Feast of St. Joseph of Coppertino of the Order of Friars Minor Conventual
“Not really understanding my life and how it’s been going…?
I’m 23 with dreams and determined. I’m big on God and church! I love praising God and making him proud of me and my doings. One thing i can’t say is that i’m not blessed. I WILL NOT sit here and say i’m not blessed and have alot of good things going for myself. I have my own car, nice place, my bills get paid, can get SOME things i want, pretty good health, a part time job, in school fulltime with everything paid for and my gas daily to school paid for…i can go on and on with my blessings. But I am missing some things. I’ve never really had a close relationship with anybody. The closest in my family is my grandma, and outside of my family was my ex, but we have been broken up for years, and i’ve just been so lonely and empty feeling since. Due to issues from when i was younger, i have always been moreso a reserved, quiet, not so outgoing person. That’s not the way i want to be, but it’s just how it is. I don’t want God to think i don’t appreciate my blessings, because i do, i just have things i don’t quite understand that is causing me deep, long-term pain. Not having friends or people to date is hard. I continue to live and hang in there, although i’d rather have those things. Any good advice?” – ‘nextkobe1986’ @ Yahoo!Answers
It’s far a greater blessing for God to penetrate more and more fully into your life, into your heart. When the Spirit of Light and Truth came upon the disciples of Our Lord on Pentecost day, He filled the whole house where they were sitting (Ac 2.2). It’s common for us to live in compartmentalized dwellings where we have a room and space of our own and the same, sadly, happens even in that life which we claim to be “new” in, with, for, and by Christ – the Christian Spiritual Life. But the Christian Spiritual Life is not where God remains at the periphery of our whole self and being – the mastery of which we try to keep in our hands. We “try to keep” because our self is broken (if not shattered) and it comes with the more poignant realization of our powerlessness in dealing with it followed, in one extreme, by a debilitating resignation to our helplessness. The effect: the doors of our heart shut us in in gloom, preoccupied with our self – which preoccupation is always the starting point of our disordered relationship, first, with God; second, with others.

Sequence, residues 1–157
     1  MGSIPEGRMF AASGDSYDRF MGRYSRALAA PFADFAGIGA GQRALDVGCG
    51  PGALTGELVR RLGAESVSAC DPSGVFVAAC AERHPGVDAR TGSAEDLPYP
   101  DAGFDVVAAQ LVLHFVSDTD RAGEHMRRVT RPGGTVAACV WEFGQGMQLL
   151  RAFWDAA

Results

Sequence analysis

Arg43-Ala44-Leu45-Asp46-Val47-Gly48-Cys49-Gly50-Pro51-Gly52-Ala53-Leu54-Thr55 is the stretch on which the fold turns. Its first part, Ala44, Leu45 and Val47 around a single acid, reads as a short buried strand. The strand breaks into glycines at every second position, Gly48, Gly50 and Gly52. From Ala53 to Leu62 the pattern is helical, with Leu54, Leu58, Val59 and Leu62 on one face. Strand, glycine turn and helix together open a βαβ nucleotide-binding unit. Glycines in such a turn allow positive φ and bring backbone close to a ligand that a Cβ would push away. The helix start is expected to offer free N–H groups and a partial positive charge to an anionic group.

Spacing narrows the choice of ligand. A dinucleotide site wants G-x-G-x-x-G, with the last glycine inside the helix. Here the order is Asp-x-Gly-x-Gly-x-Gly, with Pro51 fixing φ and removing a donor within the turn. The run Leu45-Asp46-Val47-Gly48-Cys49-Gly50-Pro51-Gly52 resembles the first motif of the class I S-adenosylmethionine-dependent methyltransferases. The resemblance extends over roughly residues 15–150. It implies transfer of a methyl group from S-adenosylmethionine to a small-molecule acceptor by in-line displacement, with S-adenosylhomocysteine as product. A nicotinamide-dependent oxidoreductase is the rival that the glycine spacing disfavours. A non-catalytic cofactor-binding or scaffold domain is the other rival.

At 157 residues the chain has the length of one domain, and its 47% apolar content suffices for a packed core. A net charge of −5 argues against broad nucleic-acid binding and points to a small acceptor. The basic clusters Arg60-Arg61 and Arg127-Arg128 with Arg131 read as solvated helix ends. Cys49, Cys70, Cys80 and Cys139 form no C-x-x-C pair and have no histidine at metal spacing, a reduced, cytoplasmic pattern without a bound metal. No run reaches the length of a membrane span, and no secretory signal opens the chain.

However, the Crucified teaches us that there’s a kind of resignation that does not debilitate and degenerate us – but this from the viewpoint of God, not according as we would judge the “Scandal” of the Cross: compressing the whole point of the Cross of Calvary into a single point of sensation or emotion or intellect which is all but a very limited department of our being. His is that childlike resignation in the arms of His most tender loving Father Who, in the depth of the richness of His mercy and benevolence, works not only in consideration of our good and happiness but even of those who surround us, those who have become part of us – especially even those who dealt us pains and hurts, and those who will still become part of us.
The vacuum in our heart can never be filled in by our self. Neither can other passing creatures (material or persons – broken like we are and seeking comfort and consolation as we do) do so. Deep calleth on deep (Ps 41.8, DRV). Our heart is restless unless God’s excessive love – pouring forth from the Crucified – penetrates and fills it. As this excessive love of God on the Cross of Calvary saturates our heart and burns brightly in it, it supplies us the impulse to return love to Him with that love the Crucified returned to Him. And as this excessive love of God on the Cross of Calvary enriches and expands our poor heart, then it begins to see, not those whom it desires to draw to itself to seek from them their poor love, but those whom it may embrace rather with the love of the Crucified – which Divine Love is enough for it to have found as its reward and consolation. Seek the solution of God in Calvary: intimacy with Our Crucified Lord.